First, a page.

Let’s talk about something that comes up a lot among axolotl owners.
Will axolotls ever eat each other?
Do they have cannibal tendencies?
Even more intriguing…
What about scary cannibal morphs?
This is important to know when housing multiple axolotls together.
Or if you are trying to raise your own babies from eggs to hatchlings.
So let’s look at things closely and see.
Will Axolotls Eat Each Other?
Here is what my own experience as well as the experience of other breeders has taught me.
Let’s clear up some myths, first.
The first being, axolotls are not aggressive or mean creatures.
They aren’t mean.
They don’t bite out of spite.
They’re just hungry!
Axolotls are mildly cannibalistic, in that in some cases will bite each other and even eat each other.
This is generally only under certain circumstances.
Biting and Cannibalism in Hatchlings, Babies & Young Juveniles
The first being, growing babies that do not have enough food.
The thing is, babies need a lot of calories as they mature VERY quickly.
Starting from when they first get their front leg nubs (at around an inch) to when they are 4 or 5 inches long, they crave lots of food.
If they aren’t getting enough calories because they don’t have as much food as they want, they will turn to what is around them, including their siblings.
In most cases of underfeeding with babies you will find nipping going on.
This can result in the loss of gills, fingers, toes, hands, feet, and even whole limbs.
While axolotls can regenerate their limbs (amazingly)…
… This takes away from their energy they would put towards further growth.
It can also lead to the limbs or gills growing back disfigured. 🙁
The littler ones may even be devoured completely by hungry bigger siblings.
While overcrowding the babies will only worsen the situation and promote cannibalism, sparsely stocking will not do much good if the underlying problem goes unaddressed.
There are really two options:
- Individually separate all young axolotls until they are 5-6″ so they cannot bite each other while being fed 1-2x per day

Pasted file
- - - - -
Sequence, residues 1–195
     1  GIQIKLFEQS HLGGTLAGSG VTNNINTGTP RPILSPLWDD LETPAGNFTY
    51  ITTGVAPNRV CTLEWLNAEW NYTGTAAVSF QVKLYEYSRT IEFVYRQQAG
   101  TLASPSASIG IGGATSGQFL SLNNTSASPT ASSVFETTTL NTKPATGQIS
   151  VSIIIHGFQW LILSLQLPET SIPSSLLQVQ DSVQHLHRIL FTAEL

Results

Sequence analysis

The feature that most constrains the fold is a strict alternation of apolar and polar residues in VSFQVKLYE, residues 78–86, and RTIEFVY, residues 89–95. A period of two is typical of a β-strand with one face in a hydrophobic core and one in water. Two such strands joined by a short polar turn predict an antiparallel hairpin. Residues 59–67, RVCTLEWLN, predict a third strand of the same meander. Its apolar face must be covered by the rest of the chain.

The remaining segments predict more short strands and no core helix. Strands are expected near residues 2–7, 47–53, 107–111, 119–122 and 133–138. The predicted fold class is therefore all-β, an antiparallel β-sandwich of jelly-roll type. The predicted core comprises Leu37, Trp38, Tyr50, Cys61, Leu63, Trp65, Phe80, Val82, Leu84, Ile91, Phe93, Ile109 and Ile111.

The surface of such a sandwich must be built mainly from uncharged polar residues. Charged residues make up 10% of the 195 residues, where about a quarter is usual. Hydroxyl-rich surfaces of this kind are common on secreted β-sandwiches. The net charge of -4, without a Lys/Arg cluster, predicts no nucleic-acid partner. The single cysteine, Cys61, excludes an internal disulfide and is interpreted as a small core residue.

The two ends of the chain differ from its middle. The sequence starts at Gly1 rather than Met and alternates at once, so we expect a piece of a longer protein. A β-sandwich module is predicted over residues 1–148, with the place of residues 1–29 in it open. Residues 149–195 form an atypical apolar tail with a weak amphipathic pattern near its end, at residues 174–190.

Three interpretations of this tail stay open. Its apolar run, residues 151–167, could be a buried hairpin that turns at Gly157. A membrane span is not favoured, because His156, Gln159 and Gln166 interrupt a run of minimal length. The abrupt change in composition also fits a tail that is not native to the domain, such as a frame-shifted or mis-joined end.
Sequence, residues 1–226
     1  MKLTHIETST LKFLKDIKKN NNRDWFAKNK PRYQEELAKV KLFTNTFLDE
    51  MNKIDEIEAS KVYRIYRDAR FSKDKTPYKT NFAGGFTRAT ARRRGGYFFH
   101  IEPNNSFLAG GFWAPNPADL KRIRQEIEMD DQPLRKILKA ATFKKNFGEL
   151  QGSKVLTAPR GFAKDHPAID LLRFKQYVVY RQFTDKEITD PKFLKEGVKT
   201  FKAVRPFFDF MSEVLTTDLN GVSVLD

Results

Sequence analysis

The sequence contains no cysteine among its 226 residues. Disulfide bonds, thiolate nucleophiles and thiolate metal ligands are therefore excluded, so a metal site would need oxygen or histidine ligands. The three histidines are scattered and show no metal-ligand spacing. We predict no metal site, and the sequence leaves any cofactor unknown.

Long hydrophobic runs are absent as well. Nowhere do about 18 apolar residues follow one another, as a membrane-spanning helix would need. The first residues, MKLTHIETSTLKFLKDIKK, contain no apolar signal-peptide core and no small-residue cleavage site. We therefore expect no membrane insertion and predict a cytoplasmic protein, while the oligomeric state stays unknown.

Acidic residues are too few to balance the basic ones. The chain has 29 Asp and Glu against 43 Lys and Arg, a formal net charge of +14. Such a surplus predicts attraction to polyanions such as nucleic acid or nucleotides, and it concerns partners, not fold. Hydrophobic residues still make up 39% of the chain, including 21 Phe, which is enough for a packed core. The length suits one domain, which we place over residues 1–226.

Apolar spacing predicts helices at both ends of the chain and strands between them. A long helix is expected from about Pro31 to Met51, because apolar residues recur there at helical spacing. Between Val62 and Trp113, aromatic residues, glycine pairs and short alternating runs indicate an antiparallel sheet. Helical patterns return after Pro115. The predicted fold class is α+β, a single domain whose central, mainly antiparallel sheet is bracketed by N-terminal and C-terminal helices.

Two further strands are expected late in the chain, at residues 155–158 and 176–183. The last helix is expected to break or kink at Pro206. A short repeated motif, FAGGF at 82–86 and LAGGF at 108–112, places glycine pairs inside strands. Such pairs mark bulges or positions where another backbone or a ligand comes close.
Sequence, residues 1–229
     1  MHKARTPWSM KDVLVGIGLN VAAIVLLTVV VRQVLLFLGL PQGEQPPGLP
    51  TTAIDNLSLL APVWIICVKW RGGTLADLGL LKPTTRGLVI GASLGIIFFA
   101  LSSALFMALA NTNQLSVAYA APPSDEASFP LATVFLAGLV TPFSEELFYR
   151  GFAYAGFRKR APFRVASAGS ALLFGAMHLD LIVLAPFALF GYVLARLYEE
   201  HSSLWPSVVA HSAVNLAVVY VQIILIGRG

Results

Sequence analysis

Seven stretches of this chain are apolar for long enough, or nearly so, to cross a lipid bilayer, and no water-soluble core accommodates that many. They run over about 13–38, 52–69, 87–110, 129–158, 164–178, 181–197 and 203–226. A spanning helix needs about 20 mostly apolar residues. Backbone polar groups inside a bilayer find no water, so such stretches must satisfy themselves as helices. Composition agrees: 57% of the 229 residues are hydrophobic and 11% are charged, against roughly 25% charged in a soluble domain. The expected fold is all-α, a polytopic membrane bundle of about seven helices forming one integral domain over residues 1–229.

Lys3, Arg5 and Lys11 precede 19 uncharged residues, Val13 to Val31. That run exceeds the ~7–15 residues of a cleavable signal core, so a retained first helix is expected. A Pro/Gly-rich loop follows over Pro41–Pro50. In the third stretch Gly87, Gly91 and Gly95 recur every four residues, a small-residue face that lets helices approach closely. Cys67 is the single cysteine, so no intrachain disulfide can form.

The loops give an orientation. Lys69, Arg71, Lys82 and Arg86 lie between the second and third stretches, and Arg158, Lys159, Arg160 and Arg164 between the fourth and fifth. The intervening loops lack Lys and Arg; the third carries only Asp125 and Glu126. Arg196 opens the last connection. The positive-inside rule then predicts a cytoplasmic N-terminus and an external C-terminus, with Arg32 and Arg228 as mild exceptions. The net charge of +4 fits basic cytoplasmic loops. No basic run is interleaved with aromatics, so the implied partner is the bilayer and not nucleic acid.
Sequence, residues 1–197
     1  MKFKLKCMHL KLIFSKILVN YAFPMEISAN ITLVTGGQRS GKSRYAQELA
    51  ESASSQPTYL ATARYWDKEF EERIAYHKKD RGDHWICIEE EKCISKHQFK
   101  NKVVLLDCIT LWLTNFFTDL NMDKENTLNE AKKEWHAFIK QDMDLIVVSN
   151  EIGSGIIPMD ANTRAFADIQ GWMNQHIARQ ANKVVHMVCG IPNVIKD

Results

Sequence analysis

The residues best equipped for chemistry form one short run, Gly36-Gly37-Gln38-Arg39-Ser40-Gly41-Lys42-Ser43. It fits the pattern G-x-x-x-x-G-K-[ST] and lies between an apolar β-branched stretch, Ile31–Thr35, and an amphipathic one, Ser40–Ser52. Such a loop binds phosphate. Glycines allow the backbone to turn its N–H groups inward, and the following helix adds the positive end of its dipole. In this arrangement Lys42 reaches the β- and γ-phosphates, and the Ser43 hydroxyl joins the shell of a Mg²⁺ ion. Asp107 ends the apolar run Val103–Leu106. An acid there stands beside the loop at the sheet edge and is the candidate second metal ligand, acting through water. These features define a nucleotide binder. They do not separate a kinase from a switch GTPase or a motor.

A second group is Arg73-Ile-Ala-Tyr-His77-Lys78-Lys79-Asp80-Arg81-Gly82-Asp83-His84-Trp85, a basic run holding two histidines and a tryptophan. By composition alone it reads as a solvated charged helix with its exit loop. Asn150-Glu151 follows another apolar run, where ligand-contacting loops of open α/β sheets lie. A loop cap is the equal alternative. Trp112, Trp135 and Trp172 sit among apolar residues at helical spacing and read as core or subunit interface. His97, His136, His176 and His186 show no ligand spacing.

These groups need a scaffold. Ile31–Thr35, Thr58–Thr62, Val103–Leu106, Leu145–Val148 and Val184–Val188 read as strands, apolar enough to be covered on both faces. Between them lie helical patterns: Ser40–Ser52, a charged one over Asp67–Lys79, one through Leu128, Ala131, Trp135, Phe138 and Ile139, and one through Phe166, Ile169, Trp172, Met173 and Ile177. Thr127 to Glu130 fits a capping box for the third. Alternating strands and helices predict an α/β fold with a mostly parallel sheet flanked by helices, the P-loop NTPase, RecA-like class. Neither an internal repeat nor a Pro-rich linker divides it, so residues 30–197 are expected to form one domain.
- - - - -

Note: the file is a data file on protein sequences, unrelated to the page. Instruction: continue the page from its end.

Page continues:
- Provide enough food around the clock so they will *hopefully* not bother each other
Individual separation is probably best for those who are looking to keep a small number of axolotls for pet purposes.
The owner can use the tubbing method, separate aquarium or a tank divider until the axolotl is big enough to be placed with the other(s).
This generally works well.
In some cases though, it’s not practical.
When it comes to raising babies, I have tried both methods.
The first method seems at first glance to be best, but unless your FULL TIME JOB is taking care of them, you will most likely quickly find yourself exhausted by all the work.
Trust me on that.
I found that I really needed at least 3-5 hours a day minimum to tend to individually separated axolotls – feeding, removing waste and performing water changes on dozens of containers is a big undertaking.
So now for option #2…
When babies are at the age when they are trying to bite each other (usually around getting their front limbs), switching from the typical baby food (baby brine shrimp) to other food needs to happen.
The question is… what food is that?
Dead food is not good, because if you drop it in, it does not move and they will be more interested in eating siblings that DO move.
So live food is the way to go.
A larger live food that wiggles and moves to entice them to eat that instead of each other will really help.
In this case, live blackworms are ideal.
Provide them with live blackworms around the clock and your babies will seldom, if ever, nip.
It is also much easier on you.
What Size Should Axolotls Be to Be Together?
Once axolotls grow enough to be about 5-6″, their enormous hunger begins to fade and they start to require less frequent feedings.
They generally start to lose interest at this point in their tank mates as potential meals.
While a squabble occasionally arise over food, it rarely results in serious harm.
This is, of course, assuming they are properly fed.
It is also not a bad idea to feed them in different areas of the tank to help prevent competition from arising.
Thoughts on Cannibal Morphs
There is discussion among axolotl breeders that axolotls that have eaten siblings may become a “cannibal morph.”
The scary part?
Once an axolotl undergoes this change, it will not unlearn this.
It is theorized that axolotls can become cannibal morphs, meaning they may show physiological changes in response to eating their siblings.
This is known to happen with other similar amphibians (source).
Cannibal morphs may develop a different shape to their skull, with wider jaws and a squarer face.
They may also get larger than average size.
Of course, they may forever need to live in solitary confinement to be prevented from injuring another axolotl.
While some breeders intentionally induce cannibal morphs for their own purposes, most try to avoid them by providing ample space and food.
These, of course, make better pets.
Cannibalism in axolotls is not well-studied, but it is certainly a fascinating topic.
The key takeaway is that axolotls are not very cannibalistic by nature, especially when their proper needs are attended to.
Thanks for reading!